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Thread: Need to buy a welder: are TIG + STICK + PLASMA combo units any good?

  1. #1
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    Default Need to buy a welder: are TIG + STICK + PLASMA combo units any good?

    I'm trying to put together my shop. I already bought an old Southbend lathe and I'm loving it so far. But I also need a welder for welding aluminum, steel, cast iron, sheet metal and maybe some stainless once in a while. I've done a bit of stick welding (have a motorized Lincoln generator/welder now) and a bit of oxy/acetylene gas brazing, but that's it.

    I know the basic differences between all the different types Mig/stick/Tig etc. I'll probably mostly be doing light grade stuff for hobby purposes with some heavy welding just once in a blue moon. I've been seeing these multipurpose machines that have Tig/Stick and plasma cutting capabilities. I like the idea of everything being wrapped up into one machine because of the lower expense and less space required (I'm working out of my little 2 car garage so space is an issue). The Everlast three in one units look good, but it's not a Lincoln, Miller or Hobart so I'm worried about the quality and reliability. Anyone have experience with these Everlast models?

    http://www.everlastgenerators.com/Po...85-311-pd.html

    I checked Lincoln, Hobart and Miller's websites and none of them offer a 3 in one machine like this. Any idea why not? I take that as a sign the technology has not matured yet to be considered reliable. I'd really like to have a plasma cutter too, I could really use something like that as well. I'm also not sure if I should get a Mig welder instead of the Tig/stick units. I'd also like to have the capability to use either 220VAC and 115VAC because there will surely be times that I'll have to move (and use) the welder to locations that a 220VAC outlet is not convenient. Confused about the whole thing. What do you guys think?

  2. #2
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    There is only one company that made a unit that does all three. That was PowCon. They were rather unreliable and they stopped making one.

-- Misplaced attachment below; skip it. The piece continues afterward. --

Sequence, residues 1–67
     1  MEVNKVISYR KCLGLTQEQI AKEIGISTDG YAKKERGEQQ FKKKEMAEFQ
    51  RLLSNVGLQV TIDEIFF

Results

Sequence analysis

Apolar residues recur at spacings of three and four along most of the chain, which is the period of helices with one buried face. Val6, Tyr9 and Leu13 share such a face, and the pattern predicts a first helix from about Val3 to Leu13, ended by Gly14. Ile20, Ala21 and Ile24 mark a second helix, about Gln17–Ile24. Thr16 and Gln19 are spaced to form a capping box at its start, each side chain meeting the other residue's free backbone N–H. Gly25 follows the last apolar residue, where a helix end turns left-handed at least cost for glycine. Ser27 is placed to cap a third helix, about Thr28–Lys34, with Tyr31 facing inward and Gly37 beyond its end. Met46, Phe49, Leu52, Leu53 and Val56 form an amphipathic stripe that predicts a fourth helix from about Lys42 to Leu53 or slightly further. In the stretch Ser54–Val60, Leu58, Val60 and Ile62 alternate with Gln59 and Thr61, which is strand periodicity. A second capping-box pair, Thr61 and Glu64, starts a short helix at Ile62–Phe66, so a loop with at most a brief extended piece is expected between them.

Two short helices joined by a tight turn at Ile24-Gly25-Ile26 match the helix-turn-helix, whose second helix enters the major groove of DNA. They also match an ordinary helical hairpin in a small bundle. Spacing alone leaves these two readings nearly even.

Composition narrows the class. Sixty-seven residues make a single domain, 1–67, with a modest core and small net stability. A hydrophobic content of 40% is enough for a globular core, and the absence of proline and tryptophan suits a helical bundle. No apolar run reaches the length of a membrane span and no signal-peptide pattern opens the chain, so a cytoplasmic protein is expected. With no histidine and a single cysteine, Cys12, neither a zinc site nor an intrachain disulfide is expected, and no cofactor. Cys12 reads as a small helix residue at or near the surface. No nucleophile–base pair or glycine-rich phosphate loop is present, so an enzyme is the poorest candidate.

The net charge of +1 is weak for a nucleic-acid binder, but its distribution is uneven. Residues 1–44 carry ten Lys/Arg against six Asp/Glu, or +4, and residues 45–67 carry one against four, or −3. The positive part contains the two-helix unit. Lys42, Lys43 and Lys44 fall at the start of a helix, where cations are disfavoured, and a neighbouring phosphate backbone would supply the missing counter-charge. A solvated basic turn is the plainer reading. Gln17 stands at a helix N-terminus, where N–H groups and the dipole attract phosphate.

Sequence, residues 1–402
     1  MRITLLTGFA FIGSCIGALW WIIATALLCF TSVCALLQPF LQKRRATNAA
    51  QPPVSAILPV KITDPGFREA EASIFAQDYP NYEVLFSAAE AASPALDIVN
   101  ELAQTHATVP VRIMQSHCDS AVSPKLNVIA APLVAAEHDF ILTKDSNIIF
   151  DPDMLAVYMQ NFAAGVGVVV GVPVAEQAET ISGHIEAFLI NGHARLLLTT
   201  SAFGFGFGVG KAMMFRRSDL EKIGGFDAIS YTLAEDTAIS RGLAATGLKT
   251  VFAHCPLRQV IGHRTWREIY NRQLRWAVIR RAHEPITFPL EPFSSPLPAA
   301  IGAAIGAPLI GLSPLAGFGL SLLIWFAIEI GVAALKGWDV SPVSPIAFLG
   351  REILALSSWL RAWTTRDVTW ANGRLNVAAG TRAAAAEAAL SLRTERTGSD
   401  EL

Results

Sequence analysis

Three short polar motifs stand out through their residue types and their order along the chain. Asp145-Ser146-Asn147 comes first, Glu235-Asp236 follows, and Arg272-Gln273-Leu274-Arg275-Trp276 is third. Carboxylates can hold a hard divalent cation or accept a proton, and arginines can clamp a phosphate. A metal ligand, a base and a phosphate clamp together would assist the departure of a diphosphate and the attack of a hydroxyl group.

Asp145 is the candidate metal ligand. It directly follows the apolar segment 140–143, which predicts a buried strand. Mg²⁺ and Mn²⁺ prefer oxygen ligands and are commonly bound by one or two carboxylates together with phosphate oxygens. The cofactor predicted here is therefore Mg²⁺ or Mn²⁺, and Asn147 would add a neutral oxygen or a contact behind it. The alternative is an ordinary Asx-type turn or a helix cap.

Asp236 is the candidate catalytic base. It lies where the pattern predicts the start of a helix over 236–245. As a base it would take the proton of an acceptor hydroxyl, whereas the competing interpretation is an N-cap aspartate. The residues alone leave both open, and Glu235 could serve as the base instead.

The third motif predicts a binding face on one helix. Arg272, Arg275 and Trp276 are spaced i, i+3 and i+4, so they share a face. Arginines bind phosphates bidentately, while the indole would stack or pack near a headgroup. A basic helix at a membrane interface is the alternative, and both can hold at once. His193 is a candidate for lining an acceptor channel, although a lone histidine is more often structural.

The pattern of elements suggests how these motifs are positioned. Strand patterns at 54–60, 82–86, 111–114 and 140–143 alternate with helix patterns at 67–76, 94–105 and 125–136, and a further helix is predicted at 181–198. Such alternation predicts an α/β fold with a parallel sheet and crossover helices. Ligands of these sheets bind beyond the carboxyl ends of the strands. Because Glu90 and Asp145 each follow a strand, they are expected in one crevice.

You can buy a combo tig/stick/mig. They all run around the same output voltage, 10-30v under load. Plasma runs at 200v at the torch. Bad idea to combine anything like this.

    The old saying goes. Does everything... poorly.

    Buy a good quality machine. I prefer Miller on welders and Hypertherm on plasma. Miller is almost all made in the USA and Hypertherm is as well in New Hampshire.

    The Mig vs Tig/stick has been gone over, I still stand with a mig for a first machine.

  3. #3
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    Thanks macona. Yeah I know there must be a reason why the big three don't make a 3 in 1 machine...at least not yet. I also know that Everlast is a chinese product, although in fairness it wouldn't surprise me a bit to find out Lincoln, Hobart or Miller either use Chinese components or have subbed out some or all of their production to Asia in one way or another. I'm sure they use better QC standards though.

    Guess I'll stick with dedicated machines. I thought I was going to go for a MIG but now I'm leaning more towards a Tig/stick machine. Maybe a lincoln 175. Don't know much about plasma cutters, but will look into the one you mentioned. Thanks again...

  4. #4
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    I have a Lincoln 175 TIG machine. I also have a Ltec 250 MIG.

    For general home shop use I recommend a TIG. Weld a wide variety of materials, excellent control, even do stick welding if you get a stinger.

    For auto body work, angle iron fabrication, building a trailer I would choose the MIG.

    Limitation of the TIG is it's slow for doing a lot of welding, also an air cooled 175 won't be able to do heavier work. Limitation of the MIG is lack of fine control and weld filler selection.

  5. #5
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    Lack of weld filler selection? Have you seen what's is available? Everything from steel to titanium to bronze.

  6. #6